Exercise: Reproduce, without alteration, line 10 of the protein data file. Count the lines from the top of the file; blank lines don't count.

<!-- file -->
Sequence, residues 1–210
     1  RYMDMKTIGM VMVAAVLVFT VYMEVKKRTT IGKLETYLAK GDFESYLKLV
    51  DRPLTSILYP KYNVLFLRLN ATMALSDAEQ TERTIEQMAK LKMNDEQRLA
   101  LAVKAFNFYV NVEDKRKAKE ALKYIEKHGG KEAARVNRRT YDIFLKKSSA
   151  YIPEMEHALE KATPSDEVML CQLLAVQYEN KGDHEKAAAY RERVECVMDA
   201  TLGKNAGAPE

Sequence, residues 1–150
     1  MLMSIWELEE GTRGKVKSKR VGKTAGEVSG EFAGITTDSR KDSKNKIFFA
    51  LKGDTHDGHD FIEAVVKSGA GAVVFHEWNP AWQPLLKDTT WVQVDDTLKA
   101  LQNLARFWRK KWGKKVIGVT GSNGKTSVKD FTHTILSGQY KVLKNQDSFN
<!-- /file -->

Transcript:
   101  LQNLARFWRK KWGKKVIGVT GSNGKTSVKD FTHTILSGQY KVLKNQDSFN